Mistake Tag
Drupal Mistakes to Avoid
2020-02-12
Old Moon Digital

The Drupal community is home to more than 1 million developers and designers from all over the world.

Are you working on a Drupal website right now? Whether it’s for yourself for a client, if you’re new to Drupal, you might experience some confusion or run into trouble along the way to creating your finished product. Luckily, you can avoid a lot of potential roadblocks if you know what to expect throughout the website development and design process.

Read on to learn about some of the most common mistakes developers ought to avoid when creating or working on a Drupal website.

Using Irrelevant Content Architecture

One of the most common mistakes folks who are new to Drupal make is the use of irrelevant content architecture. It’s important to remember that content is the most important part of any content management system (or CMS).

Reusing standard content types and fields can help developers to avoid this issue. However, they also need to be sure that they have a thorough understanding of the content requirements for a particular website before they get started.

When they do this, they’ll be less likely to end up creating a structure that doesn’t make sense for their or their clients’ specific needs. This helps to save everyone time and energy and ensures that the website works well right from the start.

Using the Wrong Folder Structure

It’s also common for developers who are new to Drupal (or who are new to web development in general) to use the wrong folder structure and install themes and modules in an incorrect or inefficient way.

When they do this, it can lead to problems when the time comes to upgrade the CMS or to debug it, which will make everything more complicated for the developer and the client.

The good news is that this is a fairly easy problem to avoid. Developers simply need to take care to make sure they’re installing modules in themes in specific directories, rather than just in the root directory alone.

Using Excessive Coding

Using excess code can make the website inefficient.

At first, it might not seem like a big deal, but as more is added to the backend, it could slow things down or cause problems for the user. The use of excess code also causes the developer to spend more time than is necessary for creating or working on the website in the first place.

To avoid this, it helps when developers make use of customized code. They should also make use of the more than 30,000 modules that Drupal has made available to them.

Doing this helps the website to run more smoothly, and it saves a lot of time for everyone involved in its creation.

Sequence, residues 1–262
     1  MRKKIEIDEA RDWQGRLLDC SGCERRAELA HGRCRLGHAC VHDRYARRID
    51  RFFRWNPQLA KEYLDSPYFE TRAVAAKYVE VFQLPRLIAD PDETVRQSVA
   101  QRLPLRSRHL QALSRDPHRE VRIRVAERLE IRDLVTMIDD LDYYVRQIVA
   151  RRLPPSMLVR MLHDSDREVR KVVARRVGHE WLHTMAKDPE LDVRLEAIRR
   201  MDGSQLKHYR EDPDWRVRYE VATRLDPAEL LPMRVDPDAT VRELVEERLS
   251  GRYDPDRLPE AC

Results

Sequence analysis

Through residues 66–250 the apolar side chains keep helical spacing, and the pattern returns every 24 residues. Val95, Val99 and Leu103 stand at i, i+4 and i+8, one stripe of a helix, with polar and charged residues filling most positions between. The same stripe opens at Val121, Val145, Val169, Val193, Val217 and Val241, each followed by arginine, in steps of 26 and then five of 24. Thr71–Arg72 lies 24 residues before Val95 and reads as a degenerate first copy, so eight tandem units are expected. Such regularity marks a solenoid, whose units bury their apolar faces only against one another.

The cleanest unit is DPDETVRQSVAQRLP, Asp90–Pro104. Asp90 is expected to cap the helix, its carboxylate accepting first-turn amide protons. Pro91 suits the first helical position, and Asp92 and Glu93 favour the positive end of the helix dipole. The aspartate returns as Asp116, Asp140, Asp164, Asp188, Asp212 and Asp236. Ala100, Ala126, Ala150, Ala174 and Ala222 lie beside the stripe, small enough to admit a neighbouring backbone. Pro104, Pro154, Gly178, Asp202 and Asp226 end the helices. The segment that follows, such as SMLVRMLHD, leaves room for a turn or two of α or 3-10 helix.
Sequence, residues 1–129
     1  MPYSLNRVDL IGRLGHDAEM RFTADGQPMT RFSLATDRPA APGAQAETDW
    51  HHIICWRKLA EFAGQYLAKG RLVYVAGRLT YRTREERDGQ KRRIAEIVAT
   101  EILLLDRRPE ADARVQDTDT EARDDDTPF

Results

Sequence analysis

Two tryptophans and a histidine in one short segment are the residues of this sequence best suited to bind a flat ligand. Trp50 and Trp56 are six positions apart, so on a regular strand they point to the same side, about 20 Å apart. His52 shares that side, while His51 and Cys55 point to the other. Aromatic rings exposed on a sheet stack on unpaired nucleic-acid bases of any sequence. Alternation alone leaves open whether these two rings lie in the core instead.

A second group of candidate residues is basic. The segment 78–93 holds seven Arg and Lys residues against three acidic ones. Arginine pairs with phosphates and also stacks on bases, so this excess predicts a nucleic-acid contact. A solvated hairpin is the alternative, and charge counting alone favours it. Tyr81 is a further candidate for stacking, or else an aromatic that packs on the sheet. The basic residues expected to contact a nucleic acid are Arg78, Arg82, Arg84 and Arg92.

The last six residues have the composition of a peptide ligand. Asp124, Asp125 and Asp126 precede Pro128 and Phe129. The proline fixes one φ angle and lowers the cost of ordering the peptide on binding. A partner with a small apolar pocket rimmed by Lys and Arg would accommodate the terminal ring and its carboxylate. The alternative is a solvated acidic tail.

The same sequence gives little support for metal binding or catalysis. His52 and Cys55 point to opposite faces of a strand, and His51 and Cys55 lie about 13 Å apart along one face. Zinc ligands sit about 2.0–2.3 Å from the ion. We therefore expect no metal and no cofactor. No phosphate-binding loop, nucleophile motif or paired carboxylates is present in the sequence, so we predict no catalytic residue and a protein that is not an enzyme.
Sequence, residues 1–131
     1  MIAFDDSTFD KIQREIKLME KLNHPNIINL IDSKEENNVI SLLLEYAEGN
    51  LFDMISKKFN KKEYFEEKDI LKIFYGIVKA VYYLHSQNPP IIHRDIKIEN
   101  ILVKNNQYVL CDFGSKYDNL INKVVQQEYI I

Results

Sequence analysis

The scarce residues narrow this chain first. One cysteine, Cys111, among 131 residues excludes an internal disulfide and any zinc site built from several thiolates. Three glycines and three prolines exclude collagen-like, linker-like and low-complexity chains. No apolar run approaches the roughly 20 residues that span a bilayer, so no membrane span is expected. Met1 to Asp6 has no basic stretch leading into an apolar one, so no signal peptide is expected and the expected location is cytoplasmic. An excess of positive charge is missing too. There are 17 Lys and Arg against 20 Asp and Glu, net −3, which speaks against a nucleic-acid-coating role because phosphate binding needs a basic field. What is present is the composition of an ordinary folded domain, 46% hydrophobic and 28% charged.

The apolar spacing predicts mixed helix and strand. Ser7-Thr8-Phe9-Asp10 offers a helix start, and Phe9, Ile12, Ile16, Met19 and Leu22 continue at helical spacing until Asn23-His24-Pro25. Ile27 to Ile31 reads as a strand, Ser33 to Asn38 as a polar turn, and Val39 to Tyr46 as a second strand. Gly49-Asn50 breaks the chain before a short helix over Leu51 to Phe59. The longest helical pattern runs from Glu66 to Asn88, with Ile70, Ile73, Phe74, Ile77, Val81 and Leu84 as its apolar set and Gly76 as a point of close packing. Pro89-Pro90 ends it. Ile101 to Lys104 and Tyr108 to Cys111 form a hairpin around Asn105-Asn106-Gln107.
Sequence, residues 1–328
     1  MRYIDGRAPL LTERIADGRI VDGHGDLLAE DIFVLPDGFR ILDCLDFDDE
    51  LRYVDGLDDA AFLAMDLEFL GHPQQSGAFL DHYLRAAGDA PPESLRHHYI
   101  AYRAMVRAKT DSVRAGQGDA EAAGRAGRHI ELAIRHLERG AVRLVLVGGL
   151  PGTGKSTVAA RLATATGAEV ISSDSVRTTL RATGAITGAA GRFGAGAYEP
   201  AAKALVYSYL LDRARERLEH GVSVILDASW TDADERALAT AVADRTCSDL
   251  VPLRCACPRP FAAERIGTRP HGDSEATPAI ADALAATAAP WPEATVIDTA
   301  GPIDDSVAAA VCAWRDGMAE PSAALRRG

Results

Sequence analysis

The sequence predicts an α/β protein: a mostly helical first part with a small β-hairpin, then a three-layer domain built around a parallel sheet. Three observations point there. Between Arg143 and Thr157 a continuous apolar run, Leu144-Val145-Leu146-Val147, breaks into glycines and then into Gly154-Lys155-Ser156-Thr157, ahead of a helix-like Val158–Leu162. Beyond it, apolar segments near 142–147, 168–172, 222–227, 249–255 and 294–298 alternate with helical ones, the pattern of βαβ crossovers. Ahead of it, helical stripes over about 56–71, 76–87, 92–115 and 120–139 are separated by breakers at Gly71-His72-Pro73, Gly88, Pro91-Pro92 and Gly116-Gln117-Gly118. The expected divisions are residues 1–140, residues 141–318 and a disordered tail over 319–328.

Not Backing Up the Website

Developers ought to always back up their websites. There’s nothing more frustrating than pouring hours of hard work into a website, only to have something go wrong during the creation process and lose everything.

No developer wants to have to waste time and money going back and redoing what they already did. To avoid this frustration, as well as the frustration your client will feel when they find out the progress on their website is delayed, it’s imperative that developers back up their website on a frequent basis.

It’s true that it might be hard for developers to establish this habit at first. The sooner you do it, though, the better off you’ll be, and the less likely you’ll be to end up losing your precious code.

Failing to Speed Up Search Functions

The more efficient and effective a website is when it comes to its search functions, the better. 

If you fail to make a website’s search functions as fast as possible, it’ll be hard for users to find what they need, and they may end up navigating away from the website altogether as a result. This is bad news for you and your clients.

Solr Search is a great tool for developers to use when creating a Drupal website. It speeds up the site and enhances its search functions to make it easier for users to locate information right when they need to find it.

Lack of Spam Control

No web development clients want to have to deal with spam when they get a new website, and website visitors don’t want to have to encounter it, either. Proper spam control is a must for all developers, including those who are new to Drupal.

Spam control protects the website from potential problems (in terms of both security and functionality) in the future. It ensures that it runs in an efficient way, too.

Perhaps the most important benefit, though, is the fact that it helps to improve the experience for website visitors and the client. It also makes it easier for website visitors to develop a sense of trust in the website owner, which can lead to increased sales and higher rates of traffic in the future.

Not Making the Backend User-Friendly

As a developer, you have an in-depth knowledge of how to work with a website from the back-end. Your clients likely aren’t in the same boat, though. If you’re creating or working on a Drupal website for someone else, you need to make the backend as user-friendly as possible.

If you don’t do this, your clients are likely to become frustrated and will end up contacting you on a regular basis to help them figure out how to fix things or use their website. They might also be hesitant to work with you in the future. Don’t let this happen. Instead, make it a priority to write clean code and design the back end of the website in the most user-friendly way you can.

This might take more effort and time initially. It’ll save you a lot of time and prevent you from having to deal with a frustrated client later, though.

Neglecting W3C Standards

As a developer, you likely are familiar with the World Wide Web Consortium (or W3C for short).